A Quiet Passion, B
Rated PG-13, 125 minutes
The great American poet is finally given some poetic justice in the slow-moving but lyrical and well-acted new biographical drama "A Quiet Passion," which explores Dickinson's life and work. Directed and written by British filmmaker Terence Davies, much like Dickinson's work, it's not for everyone, but can certainly be appreciated.
Emily Dickinson (Cynthia Nixon) maintains close ties with her family (including Keith Carradine, Duncan Duff and Jennifer Ehle) while becoming a prolific poet whose work becomes recognized after her death in 1886.
On the surface, the handsome drama "A Quiet Passion" seems another stolid period piece, but this one is set in the States, and the subject is an eccentric but now beloved poet, whose unusual style and verse reflected an unusual, yet strong, opinionated woman, superbly played by "Sex and the City's" Emmy-winner Nixon, in one of her best roles to date, capturing Dickinson's peculiar but affecting presence.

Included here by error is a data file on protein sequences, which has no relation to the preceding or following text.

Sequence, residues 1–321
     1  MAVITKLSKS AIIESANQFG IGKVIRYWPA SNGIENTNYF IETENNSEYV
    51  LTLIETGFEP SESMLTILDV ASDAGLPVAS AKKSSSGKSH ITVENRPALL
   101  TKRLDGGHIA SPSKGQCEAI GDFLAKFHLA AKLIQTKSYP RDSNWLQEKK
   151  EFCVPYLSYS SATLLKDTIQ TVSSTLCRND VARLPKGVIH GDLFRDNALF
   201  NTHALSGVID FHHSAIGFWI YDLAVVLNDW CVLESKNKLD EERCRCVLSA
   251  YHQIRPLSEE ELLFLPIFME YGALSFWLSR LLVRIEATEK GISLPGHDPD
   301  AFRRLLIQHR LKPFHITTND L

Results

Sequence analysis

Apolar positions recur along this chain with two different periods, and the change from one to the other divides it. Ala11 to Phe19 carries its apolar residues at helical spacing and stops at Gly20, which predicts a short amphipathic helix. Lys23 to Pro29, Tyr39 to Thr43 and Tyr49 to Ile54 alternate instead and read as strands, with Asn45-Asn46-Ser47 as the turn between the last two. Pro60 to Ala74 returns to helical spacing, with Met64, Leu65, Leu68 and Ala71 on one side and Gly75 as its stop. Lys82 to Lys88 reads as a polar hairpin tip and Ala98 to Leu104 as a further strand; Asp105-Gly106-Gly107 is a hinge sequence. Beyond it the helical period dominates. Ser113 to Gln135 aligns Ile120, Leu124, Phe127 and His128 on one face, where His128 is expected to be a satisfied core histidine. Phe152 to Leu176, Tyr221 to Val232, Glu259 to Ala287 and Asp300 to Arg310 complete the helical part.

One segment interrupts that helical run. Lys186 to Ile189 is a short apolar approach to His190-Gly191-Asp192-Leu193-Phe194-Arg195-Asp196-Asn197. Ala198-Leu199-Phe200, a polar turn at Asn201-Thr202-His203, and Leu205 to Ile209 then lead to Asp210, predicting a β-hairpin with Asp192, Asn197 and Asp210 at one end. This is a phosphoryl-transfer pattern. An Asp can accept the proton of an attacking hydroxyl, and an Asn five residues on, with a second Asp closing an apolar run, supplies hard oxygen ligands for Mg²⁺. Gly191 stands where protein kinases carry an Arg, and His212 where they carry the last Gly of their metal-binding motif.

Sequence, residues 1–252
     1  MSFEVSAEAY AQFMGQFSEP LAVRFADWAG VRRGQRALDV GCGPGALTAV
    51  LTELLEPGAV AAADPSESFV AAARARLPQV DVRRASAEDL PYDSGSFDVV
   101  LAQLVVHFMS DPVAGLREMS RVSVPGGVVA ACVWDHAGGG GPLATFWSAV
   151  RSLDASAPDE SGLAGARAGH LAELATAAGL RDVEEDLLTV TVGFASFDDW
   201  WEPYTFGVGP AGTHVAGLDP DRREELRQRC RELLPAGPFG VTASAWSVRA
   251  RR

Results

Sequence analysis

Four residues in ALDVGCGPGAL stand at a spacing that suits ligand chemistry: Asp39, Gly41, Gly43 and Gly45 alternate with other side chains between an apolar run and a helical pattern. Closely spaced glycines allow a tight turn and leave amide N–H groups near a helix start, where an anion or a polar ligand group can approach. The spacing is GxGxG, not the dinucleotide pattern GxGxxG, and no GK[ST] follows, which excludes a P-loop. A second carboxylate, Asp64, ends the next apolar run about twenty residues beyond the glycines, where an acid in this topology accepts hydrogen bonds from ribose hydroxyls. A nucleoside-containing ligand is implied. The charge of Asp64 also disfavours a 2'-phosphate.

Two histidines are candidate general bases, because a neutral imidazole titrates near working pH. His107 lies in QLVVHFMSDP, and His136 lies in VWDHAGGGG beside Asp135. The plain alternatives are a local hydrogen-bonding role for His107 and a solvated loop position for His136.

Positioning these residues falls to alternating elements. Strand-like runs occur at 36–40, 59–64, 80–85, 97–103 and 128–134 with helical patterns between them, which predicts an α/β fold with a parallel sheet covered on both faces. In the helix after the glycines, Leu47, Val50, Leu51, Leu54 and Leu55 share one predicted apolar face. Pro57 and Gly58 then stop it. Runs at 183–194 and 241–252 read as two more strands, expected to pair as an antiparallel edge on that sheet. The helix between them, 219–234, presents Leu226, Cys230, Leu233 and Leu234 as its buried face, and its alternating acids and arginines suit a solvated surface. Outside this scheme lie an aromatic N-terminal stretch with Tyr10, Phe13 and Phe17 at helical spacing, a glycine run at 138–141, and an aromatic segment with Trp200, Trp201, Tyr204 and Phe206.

It's also nice seeing Carradine as her equally opinionated father, and it's no surprise the two disagreed strongly on a variety of subjects, but the film also shows their love for each other and how he helped her to become a published author. Davies' skilled direction and script brings out strong performances from all; slow-moving and talky, "A Quiet Passion" isn't for those who enjoy lots of action, but Davies still packs in quite a bit.
The sets (some filmed in a replicated Dickinson house), costumes and dialogue of the time fill it with an air of authenticity, and Dickinson aficionados will likely most appreciate it. It also has some moments of nice humor too, though I wonder how authentic that aspect of it it.
There's an air of sadness with "A Quiet Passion," given that Dickinson died reclusive and unrecognized, though with the help of her family and friends, she became publicized and highly regarded. Take the time to see the touching, satisfying and superbly-acted indie drama "A Quiet Passion" to appreciate Dickinson more.